Monday, January 24, 2011

Women on Fire: Afghanistan

Map of Afghanistan from

In 2010, 85 women set themselves on fire in Herat province, Afghanistan. Herat, an area where they speak Dari and have a close cultural bond with Iran, is one of the only regions tracking the shocking statistics of women so desperate to escape their lives that they set themselves on fire. Self-immolation has become almost endemic in Afghanistan. Unlike the practice of suttee, long outlawed in India, wherein a widow throws herself onto her husband's funeral pyre, women who commit self-immolation in Afghanistan are young- in their teens and early twenties. Although as Nic Robertson reported for CNN just last week that there are a myriad of reasons historically why waves of self-immolation occur, in Afghanistan, it is almost universally the act of of a woman stranded in a horrific situation. Abuse of all kinds, as readers of this blog know, is heaped upon too many Afghan women.

In a gambit to portray themselves as interested not just in human rights, but in women's rights, Iran's Press TV issued this report on self-immolation of young women in Afghanistan's nearby Herat province. Self-burning, as they call it, was up by 30% in 2010. Press TV cites in their summary article cultural and economic problems. Of course, Time magazine had its striking article in July of 2010 on this problem citing spousal and familial abuse as being the leading factors in self-immolation cases in Afghanistan.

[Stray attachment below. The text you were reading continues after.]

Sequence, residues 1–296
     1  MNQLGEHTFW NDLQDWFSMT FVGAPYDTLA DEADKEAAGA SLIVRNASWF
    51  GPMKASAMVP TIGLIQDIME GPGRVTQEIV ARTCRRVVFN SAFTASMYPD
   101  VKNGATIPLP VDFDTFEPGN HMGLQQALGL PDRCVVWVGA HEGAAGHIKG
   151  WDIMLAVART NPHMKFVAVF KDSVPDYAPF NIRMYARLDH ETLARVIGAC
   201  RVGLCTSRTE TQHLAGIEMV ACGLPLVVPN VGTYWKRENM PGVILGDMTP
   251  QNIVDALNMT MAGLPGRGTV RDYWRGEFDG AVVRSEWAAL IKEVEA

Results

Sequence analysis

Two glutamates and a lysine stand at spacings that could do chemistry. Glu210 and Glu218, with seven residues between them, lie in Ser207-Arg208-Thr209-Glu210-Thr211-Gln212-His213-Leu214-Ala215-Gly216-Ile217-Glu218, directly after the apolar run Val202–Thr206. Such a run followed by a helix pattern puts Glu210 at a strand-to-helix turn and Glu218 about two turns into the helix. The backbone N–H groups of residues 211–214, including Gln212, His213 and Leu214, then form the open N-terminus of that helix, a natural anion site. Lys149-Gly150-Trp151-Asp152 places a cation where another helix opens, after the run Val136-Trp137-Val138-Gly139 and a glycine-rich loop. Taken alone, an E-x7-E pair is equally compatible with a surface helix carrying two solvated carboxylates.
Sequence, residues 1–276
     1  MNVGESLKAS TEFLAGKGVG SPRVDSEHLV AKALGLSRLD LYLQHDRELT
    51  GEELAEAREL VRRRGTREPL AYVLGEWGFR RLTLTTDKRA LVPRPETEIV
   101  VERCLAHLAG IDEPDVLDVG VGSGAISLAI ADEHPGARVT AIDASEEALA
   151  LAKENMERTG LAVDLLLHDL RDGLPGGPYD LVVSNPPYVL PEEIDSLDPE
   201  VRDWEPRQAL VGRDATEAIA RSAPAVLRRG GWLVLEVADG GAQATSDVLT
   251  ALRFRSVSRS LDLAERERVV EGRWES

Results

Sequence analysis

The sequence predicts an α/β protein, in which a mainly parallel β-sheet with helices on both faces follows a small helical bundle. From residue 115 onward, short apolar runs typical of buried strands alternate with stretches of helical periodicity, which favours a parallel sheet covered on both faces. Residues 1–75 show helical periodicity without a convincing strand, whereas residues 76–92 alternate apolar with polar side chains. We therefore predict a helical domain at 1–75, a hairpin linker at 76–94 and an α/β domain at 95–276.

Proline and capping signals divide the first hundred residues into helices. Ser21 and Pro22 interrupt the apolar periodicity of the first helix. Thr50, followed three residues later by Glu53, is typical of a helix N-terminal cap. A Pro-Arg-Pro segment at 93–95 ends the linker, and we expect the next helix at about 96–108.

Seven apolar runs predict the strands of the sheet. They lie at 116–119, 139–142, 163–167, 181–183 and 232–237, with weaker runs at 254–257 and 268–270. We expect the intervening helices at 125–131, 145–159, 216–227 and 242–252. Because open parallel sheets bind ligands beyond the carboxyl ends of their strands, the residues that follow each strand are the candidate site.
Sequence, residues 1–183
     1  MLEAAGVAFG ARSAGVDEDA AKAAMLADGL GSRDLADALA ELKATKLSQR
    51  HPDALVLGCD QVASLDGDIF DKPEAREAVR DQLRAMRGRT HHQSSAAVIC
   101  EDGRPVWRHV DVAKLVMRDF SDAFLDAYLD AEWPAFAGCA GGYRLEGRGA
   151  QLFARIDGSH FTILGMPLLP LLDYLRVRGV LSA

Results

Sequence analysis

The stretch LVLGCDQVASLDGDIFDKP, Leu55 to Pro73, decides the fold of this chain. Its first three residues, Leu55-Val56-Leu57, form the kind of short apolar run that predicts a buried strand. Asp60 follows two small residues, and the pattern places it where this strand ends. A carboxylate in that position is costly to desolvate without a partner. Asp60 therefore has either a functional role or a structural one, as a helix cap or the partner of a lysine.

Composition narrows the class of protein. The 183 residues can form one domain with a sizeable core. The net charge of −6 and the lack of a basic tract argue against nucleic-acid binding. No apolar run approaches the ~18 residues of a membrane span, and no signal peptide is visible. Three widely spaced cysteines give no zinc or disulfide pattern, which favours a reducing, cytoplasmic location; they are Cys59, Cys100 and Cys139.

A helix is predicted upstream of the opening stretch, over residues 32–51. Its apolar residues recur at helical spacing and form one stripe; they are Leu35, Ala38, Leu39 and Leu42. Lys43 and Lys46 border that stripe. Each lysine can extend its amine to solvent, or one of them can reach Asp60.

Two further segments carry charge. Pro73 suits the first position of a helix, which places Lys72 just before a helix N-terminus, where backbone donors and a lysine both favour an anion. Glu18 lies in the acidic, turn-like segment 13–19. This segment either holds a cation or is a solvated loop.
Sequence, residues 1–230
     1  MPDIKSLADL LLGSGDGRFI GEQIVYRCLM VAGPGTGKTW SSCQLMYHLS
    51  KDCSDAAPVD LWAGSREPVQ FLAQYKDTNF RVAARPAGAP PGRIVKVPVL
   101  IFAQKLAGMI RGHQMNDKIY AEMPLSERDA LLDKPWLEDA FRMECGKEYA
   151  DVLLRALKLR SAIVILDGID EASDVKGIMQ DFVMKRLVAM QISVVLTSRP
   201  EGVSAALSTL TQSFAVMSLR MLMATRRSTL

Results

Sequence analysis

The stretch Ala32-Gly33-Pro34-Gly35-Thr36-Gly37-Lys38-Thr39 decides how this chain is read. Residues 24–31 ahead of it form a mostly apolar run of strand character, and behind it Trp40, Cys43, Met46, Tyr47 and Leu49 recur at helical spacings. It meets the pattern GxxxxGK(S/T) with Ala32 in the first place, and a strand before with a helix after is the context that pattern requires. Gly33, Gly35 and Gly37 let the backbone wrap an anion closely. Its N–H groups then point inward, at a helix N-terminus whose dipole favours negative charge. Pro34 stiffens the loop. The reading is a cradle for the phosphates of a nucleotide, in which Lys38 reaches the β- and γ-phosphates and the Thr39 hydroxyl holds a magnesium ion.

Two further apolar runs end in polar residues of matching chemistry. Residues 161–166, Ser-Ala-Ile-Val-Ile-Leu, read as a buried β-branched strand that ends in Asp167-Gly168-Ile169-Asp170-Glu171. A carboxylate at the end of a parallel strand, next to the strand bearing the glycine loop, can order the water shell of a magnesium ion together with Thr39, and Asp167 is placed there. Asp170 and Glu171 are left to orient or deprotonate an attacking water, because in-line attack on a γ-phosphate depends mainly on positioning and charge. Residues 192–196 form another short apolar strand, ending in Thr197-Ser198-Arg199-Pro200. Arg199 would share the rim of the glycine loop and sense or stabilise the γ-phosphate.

Iran's Press TV, while certainly a political arm of the government of the Islamic Republic, at least provides us with figures about the 2010 in one Afghan province. Look at Herat on that map, people. And imagine that no other province appears to be tracking what happens to their young women. In a country of 29M (CIA World Fact Book) where men outnumber women 54% to 46% (women should be a precious resource then, right?), where the death rate in 2010 was 18 out of every thousand (third highest in the world), Herat province has a population of 1.7 million and by their own report 85 of their women attempted to commit self-immolation last year. Which if you read between the lines and look at those interviews means it just didn't kill them. When I think of living in a county of 2.5M people myself, and think of at least 85 people setting themselves on fire in a single calendar year because they are miserable, desperate and feel no hope, it is simply beyond my imagining. Although a number of aide organizations have targeted the problem of self-immolation in Herat, improvements have been "meager" according to a recent study by Help Women Heal fellow Harmonie Adams, a doctoral candidate in UCSF's Global Public Health program.

There's much I don't like about Press TV (maybe later this week I'll slap up the famous Sakineh interviews, which honestly raise as many questions as they answer) but they provide us access, in the above report, to data that we might not otherwise have.

Also, coming soon, Thelma Lee will be talking about GMOs, those pesky genetically modified organisms. Friend? Foe? Solution to world hunger? Destruction of naturally occurring species? What do you know about GMOs?

Readers interested in assisting women in Afghanistan can check out Help Women Heal or Women for Afghan Women.

© Bright Nepenthe, 2011

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